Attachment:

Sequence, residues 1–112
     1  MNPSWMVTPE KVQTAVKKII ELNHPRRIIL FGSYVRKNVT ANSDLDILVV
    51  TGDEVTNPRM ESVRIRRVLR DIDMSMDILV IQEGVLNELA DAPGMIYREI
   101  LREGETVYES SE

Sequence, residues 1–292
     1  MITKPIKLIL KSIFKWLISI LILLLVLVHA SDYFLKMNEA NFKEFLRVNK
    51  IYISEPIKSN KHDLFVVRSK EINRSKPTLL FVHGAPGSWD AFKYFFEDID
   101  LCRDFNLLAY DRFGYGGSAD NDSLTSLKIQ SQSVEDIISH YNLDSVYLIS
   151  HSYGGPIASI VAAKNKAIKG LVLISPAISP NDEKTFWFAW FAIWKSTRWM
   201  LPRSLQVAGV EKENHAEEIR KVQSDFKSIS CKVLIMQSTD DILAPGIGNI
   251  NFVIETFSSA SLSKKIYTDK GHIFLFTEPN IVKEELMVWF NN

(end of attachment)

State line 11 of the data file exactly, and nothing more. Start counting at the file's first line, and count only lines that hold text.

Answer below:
   251  NFVIETFSSA SLSKKIYTDK GHIFLFTEPN IVKEELMVWF NN